U S West and start-up competitive local-exchange carrier
Fuzion Wireless Communications Inc. have opened still another path into wireless-broadband
communications by exploiting new technology that operates over the unlicensed frequency
band at 5.8 gigahertz.
Both companies are deploying a system supplied by
Phoenix-based Adaptive Broadband Corp. with very different agendas in mind. U S West is
looking at the technology as a possible market-coverage backup to its
digital-subscriber-line service, while Fuzion has already launched an all-wireless
business service in southern Florida, which it intends to extend across the country and
into other countries, as well.
Publicly, U S West would only acknowledge that it is
looking at the AB technology "to better understand the characteristics of
broadband-wireless technologies" and "to help us understand the value customers
may place on high-speed wireless data."
But sources said the carrier -- with a trial slated to get
under way soon in the Denver area -- has high hopes for this wireless system on the basis
of its previous experiences with various wireless options.
"We need a way to reach all of the people we can't
reach with DSL, and this may be the way to go," said a U S West official, speaking on
The AB system U S West is deploying operates over a
200-megahertz segment of what is known as "U-NII" (Unlicensed National
Information Infrastructure) spectrum at the 5.8-GHz tier to deliver multiple data channels
at 25 megabits per second each on a shared-use basis.
The system also operates at the
multichannel-multipoint-distribution-service frequency and other broadband tiers, AB vice
president of customer marketing Jeff Kolluch said.
U S West experimented with a wireless-data system developed
by Qualcomm Inc. earlier this year, using two of its cellular-system sites in Minneapolis
to deliver fixed Internet access at about 1.5 mbps over an unused segment of its
"You can take our plans for the Denver trial with
Adaptive as a sign that the Qualcomm solution didn't pan out," the U S West source
The move to the U-NII tier represents an opportunity to
offer a more flexible, higher-speed service over wireless than the carrier could offer in
a limited portion of PCS spectrum, the source said.
And because the spectrum is unlicensed, it's available
immediately at no cost to whomever makes use of it first in any given service area.
"We've already had experience working with unlicensed spectrum, so we are comfortable
with this option," the official noted.
Fuzion -- a venture-capital-backed company begun by a team
that includes experts who helped to spearhead Siemens AG's fixed-wireless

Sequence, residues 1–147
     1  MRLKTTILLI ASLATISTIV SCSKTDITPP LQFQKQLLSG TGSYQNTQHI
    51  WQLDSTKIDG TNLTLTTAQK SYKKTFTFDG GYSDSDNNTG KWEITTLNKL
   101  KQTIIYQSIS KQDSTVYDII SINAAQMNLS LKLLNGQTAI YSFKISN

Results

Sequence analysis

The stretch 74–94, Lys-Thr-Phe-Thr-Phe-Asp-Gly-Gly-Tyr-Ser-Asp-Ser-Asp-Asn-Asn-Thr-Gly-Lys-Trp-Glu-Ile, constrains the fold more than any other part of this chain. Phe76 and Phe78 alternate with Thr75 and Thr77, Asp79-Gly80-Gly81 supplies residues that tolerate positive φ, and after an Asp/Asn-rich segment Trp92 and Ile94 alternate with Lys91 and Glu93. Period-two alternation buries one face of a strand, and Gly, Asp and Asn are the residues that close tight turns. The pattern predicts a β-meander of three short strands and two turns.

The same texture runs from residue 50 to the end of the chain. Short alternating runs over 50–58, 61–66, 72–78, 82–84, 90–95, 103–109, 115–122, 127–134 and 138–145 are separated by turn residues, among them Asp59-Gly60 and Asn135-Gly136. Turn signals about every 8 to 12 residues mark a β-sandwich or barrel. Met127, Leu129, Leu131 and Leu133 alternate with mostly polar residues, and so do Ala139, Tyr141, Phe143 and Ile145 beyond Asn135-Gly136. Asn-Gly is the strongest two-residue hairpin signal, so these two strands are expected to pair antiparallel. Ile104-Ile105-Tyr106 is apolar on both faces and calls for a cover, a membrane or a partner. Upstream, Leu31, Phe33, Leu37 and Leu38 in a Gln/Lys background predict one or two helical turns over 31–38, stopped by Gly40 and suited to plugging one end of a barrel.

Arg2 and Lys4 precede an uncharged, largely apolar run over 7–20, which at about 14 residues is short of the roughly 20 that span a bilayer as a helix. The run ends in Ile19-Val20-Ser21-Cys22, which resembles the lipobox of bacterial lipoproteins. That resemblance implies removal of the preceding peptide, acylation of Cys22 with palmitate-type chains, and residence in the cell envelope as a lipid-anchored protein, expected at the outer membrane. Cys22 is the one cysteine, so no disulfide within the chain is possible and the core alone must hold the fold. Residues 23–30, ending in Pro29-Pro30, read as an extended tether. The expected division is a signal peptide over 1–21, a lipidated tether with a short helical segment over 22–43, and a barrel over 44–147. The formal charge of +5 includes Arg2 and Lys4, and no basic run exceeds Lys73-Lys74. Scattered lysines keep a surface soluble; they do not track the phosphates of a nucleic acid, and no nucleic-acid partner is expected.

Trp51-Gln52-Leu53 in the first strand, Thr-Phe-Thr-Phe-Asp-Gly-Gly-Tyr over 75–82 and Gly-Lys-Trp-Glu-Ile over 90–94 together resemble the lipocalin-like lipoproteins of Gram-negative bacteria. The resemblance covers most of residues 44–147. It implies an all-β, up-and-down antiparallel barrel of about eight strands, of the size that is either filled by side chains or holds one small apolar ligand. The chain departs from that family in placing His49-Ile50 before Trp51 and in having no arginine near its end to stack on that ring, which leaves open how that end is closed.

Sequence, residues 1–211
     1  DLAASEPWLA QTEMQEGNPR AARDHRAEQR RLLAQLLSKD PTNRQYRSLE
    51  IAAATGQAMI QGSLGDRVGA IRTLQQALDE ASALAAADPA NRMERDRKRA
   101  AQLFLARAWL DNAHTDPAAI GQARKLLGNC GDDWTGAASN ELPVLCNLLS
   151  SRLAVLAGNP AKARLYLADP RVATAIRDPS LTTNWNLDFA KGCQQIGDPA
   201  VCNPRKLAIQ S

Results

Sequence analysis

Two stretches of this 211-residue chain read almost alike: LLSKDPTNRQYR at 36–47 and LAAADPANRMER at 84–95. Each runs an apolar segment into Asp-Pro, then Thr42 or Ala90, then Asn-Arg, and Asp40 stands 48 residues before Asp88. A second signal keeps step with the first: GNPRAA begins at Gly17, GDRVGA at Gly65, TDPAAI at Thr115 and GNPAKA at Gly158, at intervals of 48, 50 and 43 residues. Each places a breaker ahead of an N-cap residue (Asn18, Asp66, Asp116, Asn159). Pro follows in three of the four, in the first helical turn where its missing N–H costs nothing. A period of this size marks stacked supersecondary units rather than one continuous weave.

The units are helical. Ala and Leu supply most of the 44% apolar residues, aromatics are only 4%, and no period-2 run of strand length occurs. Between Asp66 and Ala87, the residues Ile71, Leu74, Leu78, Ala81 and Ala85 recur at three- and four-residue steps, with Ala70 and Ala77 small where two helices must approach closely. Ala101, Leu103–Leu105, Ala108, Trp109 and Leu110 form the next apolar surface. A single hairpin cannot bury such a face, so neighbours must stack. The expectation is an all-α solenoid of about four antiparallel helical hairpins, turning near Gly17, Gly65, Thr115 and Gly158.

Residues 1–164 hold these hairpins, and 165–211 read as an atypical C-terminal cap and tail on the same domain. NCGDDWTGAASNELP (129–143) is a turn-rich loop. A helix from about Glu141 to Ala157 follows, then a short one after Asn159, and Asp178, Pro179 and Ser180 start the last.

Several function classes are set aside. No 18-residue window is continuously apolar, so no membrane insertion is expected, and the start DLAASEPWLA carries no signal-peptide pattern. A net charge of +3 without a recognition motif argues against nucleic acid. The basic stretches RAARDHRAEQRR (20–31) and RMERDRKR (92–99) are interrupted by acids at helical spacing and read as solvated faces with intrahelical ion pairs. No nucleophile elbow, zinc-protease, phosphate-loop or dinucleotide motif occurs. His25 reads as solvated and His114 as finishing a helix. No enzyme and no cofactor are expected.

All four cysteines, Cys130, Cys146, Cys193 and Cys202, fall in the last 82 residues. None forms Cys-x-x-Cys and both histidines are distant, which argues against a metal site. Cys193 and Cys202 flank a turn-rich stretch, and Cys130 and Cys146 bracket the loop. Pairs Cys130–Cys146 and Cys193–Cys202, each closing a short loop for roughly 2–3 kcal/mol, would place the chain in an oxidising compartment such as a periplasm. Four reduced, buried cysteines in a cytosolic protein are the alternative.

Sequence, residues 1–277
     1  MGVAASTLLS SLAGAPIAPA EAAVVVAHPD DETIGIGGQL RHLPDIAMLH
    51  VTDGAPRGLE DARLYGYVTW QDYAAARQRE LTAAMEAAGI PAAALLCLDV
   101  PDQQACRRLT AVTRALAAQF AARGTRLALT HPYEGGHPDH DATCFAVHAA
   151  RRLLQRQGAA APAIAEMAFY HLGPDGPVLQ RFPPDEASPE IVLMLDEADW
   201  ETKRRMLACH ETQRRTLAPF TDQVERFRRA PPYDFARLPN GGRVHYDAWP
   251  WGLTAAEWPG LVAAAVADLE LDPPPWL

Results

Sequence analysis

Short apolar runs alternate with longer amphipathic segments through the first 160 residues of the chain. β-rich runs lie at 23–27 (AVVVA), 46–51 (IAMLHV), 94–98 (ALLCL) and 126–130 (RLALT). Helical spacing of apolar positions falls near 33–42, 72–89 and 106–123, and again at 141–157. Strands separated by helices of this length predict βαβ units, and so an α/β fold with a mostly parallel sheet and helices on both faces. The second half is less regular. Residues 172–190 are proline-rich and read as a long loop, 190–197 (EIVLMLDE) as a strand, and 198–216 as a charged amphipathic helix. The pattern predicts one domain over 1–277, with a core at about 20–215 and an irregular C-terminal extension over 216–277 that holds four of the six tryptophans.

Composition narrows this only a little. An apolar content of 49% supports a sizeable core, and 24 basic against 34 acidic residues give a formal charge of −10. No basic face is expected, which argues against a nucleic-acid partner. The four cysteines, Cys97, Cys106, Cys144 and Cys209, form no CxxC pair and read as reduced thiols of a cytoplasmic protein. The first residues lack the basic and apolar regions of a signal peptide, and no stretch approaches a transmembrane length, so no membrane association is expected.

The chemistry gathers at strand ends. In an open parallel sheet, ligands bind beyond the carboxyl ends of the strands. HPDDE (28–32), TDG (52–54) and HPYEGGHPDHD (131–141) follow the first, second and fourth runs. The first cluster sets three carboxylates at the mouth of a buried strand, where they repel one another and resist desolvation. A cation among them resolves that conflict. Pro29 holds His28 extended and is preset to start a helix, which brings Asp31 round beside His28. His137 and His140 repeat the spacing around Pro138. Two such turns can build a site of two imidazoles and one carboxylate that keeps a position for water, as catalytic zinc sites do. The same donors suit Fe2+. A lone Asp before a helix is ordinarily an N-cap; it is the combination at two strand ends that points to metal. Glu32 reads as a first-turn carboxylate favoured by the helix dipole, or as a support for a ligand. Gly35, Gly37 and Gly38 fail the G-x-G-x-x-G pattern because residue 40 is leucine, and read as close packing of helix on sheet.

broadband-product initiative -- plans to build a nationwide business on the U-NII spectrum
by quickly putting the application to use in targeted markets ahead of potential
"We're a CLEC offering all types of broadband-wireless
data, including Internet access and private Intranets," Fuzion vice president of
marketing and business development John Wind said. "We're in the process of
partnering with ASPs [applications-service providers] so that by January, we'll have
providers offering specialized applications such as e-commerce and VPNs [virtual private
Fuzion is building an asynchronous-transfer-mode-based
infrastructure using backbone facilities supplied by Qwest Communications International
Inc., with provisions in place for supplying connectivity to local markets around the
country, Wind said. Fuzion is employing DS3-links to tie its wireless hubs into the
backbone, he noted.
The flexibility of the AB system allows Fuzion to offer
guaranteed symmetrical access rates at any speed up to 25 mbps, starting at 500 kilobits
per second in each direction and moving to 1 mbps and beyond in 1-mbps increments, Wind
The technology also allows the company to offer
"burst" services, allowing a customer to get regularly scheduled increases in
bandwidth to accommodate periods of high-volume file transfers, he added.
"Bandwidth on-demand really shines as an advantage we
have over traditional wireline systems," Wind said. "This is something the
The AB system employs a "packet-on-demand"
media-access-control mechanism that assigns precisely the bandwidth needed by a particular
end-user only when that user is online, Kolluch said.
"We also use time-division duplexing to maximize
bandwidth efficiency," he added. TDD employs time slots for sending messages in
either direction over a given spectrum segment, thereby eliminating the need for separate
upstream and downstream channels and a guard band in between.
The system is able to assign bandwidth dynamically as
needed and only when a user goes online through the use of dedicated "request"
time slots assigned to each user.
These dedicated request links occupy only a very small
portion of available bandwidth, but they carry enough information to ensure that as soon
as the user goes on, the system will provide the bit rate required for the application,
Fuzion's "bread-and-butter" service so far is the
2-mbps connection, which it offers for $1,495 per month, including a voice-over-IP
(Internet protocol) local-loop solution that will be implemented after the first of the
year, Wind said. This is about what it costs users to obtain local-loop and shared T-1
service from BellSouth Corp., where the average access rate works out to be about 384
kbps, Wind noted.
Fuzion has also arranged for satellite capacity to link
networks that it plans to build in parts of Latin America, Africa and Europe back to
Qwest's U.S. backbone. He said preparations for use of wireless spectrum in those regions
are under way, but he declined to discuss details.
Stateside, Fuzion hopes to establish "squatter's
rights" for use of the U-NII spectrum on as broad a basis as possible, Wind said.
"We're the first ones anywhere to deploy this [AB] technology, but a lot of others
are looking at it, including BellSouth," he added.